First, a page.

Powder computing

2 min read

UK scientists are finding a way to model powders at the atomic level using a computer.

At first glance, a powder is a powder. But, look more closely and the picture is not so simple. How does a powder behave when it flows, what happens if the particles from which it is composed stick to each other, and what effect does particle size and shape have on the powder behaviour?

What if the particles are different sizes? What are the effects of friction between touching particle surfaces? The answers to such questions could provide researchers with important insights into the behaviour of granular substances with particular relevance to industrial processes involving powders. Such fundamental understanding could help manufacturers improve product quality and lower energy consumption and costs.

With EPSRC support and in collaboration with industry, Professor Kevin Kendall of The University of Birmingham department of chemical engineering has teamed up with Daresbury Laboratory’s molecular simulations experts Dr Bill Smith and Dr Chin Yong, and chemist Professor Les Woodcock of UMIST, to find a way to model powders at the atomic level using a computer.

In the extreme, scientists regard powders at the atomic level as obeying the statistical principles of kinetic theory. Each atom moves according to these principles but each atom also influences its neighbours through attractive and repulsive electrostatic forces.

The way particles in a powder behave also depends on how they stick together, or aggregate to form clumps. Aggregation is a complex process which requires particles to make atomic contact while on the move but thermal jostling can break these contacts.

‘The purpose of our project was to understand this idea of atomic contact and fracture using a computer statistical model, with only the known atom interaction potentials to work from,’ explained Professor Kendall.

The researchers believe this behaviour could explain how custard powder flows and what happens when tablets are formed from a powdered pharmaceutical.

The team developed POWMOD, a software package built on the powerful molecular dynamics program DL_POLY that was developed at the Daresbury Laboratory by Dr Smith and his colleagues.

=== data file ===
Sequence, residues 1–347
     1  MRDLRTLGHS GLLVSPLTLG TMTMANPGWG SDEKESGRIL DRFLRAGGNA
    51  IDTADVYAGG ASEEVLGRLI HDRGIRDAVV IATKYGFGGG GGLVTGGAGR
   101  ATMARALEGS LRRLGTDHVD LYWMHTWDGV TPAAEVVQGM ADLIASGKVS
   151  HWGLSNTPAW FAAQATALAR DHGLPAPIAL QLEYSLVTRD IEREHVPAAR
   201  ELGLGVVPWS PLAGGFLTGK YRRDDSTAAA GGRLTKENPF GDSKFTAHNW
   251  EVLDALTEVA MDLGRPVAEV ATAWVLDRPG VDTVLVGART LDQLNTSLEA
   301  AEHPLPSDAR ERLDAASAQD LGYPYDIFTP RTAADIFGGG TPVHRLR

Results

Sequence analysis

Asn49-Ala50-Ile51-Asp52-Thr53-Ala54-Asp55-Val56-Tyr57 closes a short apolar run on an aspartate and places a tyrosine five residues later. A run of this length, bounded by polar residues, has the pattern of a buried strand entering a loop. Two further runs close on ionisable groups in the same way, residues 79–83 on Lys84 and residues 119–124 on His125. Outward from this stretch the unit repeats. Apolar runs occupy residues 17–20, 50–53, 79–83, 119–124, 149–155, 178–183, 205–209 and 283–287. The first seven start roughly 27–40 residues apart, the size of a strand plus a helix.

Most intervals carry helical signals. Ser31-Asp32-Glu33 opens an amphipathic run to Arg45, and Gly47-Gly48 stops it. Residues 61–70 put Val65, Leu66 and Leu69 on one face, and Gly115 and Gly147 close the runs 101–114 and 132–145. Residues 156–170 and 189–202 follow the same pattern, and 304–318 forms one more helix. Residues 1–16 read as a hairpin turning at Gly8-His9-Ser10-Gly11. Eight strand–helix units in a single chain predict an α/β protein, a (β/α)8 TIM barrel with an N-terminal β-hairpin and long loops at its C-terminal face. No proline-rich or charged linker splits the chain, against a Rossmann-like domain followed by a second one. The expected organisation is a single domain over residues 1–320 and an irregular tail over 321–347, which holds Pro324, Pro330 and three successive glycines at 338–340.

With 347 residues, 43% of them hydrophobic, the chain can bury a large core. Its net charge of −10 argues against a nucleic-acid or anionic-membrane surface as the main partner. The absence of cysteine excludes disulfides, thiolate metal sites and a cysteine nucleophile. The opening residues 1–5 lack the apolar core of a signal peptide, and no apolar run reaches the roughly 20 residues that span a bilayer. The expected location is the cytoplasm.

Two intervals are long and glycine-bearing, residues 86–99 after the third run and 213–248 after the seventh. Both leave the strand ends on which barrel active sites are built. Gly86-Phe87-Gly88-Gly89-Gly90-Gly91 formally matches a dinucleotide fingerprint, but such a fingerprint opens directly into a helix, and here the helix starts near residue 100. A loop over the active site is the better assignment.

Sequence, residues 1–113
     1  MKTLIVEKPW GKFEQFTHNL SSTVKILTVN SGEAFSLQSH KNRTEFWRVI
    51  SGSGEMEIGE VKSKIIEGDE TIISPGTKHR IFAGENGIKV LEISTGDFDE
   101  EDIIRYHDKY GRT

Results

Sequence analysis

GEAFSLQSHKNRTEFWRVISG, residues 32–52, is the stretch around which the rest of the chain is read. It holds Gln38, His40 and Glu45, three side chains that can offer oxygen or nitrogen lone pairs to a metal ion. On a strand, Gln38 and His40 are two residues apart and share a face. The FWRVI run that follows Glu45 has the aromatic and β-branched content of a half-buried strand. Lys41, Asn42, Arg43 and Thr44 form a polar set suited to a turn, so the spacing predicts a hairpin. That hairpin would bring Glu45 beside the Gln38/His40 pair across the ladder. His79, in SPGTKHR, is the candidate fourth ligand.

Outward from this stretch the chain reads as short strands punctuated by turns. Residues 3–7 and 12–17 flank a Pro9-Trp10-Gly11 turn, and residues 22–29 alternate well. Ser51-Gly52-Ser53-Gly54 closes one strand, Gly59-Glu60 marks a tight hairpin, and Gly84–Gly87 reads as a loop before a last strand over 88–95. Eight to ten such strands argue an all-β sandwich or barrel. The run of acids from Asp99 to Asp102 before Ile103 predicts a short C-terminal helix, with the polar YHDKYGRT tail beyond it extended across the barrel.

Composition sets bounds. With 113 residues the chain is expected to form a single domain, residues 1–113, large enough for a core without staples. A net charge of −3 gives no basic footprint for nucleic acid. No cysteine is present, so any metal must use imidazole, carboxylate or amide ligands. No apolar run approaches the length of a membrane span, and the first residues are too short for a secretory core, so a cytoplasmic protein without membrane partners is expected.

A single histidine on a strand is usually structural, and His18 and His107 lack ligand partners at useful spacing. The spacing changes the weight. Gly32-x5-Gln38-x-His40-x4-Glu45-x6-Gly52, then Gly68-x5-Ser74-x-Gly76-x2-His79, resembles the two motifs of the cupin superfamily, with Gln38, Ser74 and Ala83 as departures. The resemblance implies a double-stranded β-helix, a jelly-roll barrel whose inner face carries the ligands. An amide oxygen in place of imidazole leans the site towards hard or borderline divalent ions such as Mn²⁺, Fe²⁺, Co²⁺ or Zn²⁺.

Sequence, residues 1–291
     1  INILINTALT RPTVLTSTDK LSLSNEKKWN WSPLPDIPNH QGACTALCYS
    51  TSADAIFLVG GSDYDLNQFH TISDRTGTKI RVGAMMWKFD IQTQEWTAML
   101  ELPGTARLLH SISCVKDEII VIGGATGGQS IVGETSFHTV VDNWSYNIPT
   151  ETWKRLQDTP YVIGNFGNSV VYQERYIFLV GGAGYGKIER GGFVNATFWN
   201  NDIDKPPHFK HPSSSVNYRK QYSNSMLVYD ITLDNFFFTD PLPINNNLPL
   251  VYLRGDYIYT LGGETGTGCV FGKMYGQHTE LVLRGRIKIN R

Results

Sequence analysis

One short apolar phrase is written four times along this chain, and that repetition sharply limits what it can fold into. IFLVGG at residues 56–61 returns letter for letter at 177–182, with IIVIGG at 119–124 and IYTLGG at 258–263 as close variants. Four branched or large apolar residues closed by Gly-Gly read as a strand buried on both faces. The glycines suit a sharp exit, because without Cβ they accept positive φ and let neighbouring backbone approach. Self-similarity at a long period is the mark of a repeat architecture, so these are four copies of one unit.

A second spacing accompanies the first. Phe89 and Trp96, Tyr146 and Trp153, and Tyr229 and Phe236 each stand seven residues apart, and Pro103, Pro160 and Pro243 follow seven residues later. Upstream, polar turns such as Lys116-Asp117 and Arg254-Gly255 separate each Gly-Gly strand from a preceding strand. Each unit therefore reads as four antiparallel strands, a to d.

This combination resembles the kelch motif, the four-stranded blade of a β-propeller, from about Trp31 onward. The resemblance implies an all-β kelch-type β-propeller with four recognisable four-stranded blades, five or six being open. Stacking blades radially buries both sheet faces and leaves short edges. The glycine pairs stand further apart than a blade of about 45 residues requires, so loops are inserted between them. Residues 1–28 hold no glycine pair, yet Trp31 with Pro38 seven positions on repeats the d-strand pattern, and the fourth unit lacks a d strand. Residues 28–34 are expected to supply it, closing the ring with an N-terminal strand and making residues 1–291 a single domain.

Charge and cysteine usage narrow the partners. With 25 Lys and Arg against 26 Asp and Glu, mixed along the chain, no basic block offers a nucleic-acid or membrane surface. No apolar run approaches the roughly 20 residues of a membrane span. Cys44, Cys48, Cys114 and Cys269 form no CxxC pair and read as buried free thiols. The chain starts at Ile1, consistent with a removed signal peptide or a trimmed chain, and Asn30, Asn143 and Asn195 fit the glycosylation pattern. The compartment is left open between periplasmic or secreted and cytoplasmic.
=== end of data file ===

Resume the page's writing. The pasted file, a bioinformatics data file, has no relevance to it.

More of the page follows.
DL_POLY is used by chemists to model the movements of the hundreds, sometimes thousands, of atoms in macromolecules such as proteins and polymers. The software simulates the position of each atom depending on its chemical characteristics and how it is linked to its neighbours. The researchers reasoned that they might also use this approach to model particles in a powder and how they interact.

‘Now that larger computers are available, it is possible to simulate not just molecules but small particles in the machine, making this project possible,’ adds Professor Kendall.

POWMOD extends the modelling prowess of DL_POLY enabling the researchers to simulate the behaviour of the bulk powder in industrially important processes. The first version focused specifically on ionic powders, such as sodium chloride and oxides, says Professor Kendall, but the researchers continually refine it to better simulate the interactions on a particle-to-particle basis.

The model takes into account shape and size, surface roughness, deformability and surface contamination with water and other molecules. The model reveals particles coming into contact and also tearing apart as they jostle around.

‘Existing experimental techniques such as Atomic Force Microscopy (AFM) are very useful in studying phenomena at the atomic scale but complications make characterising atomic surface contacts difficult. The exact contact geometry and the presence of contaminants on the surface often make interpretation of the results difficult,’ explained Dr Yong.

Computer simulations, however, can probe the underlying atomic mechanisms and relate them to the experimental observations.

According to the team, POWMOD has established links between the fundamental physical properties of powders, testing of particles in the Atomic Force Microscope and the processes to which they are subjected during manufacturing.

The ultimate goal of powder simulations is to reduce, or perhaps eliminate, the requirements for tedious, costly, and (in the case of radioactive powders) hazardous, trials to predict how powders will behave in real processes.

‘The next step is to use the model in realistic industry situations,’ adds Professor Kendall.

This article has been reproduced by permission of the EPSRC from its magazine Newsline.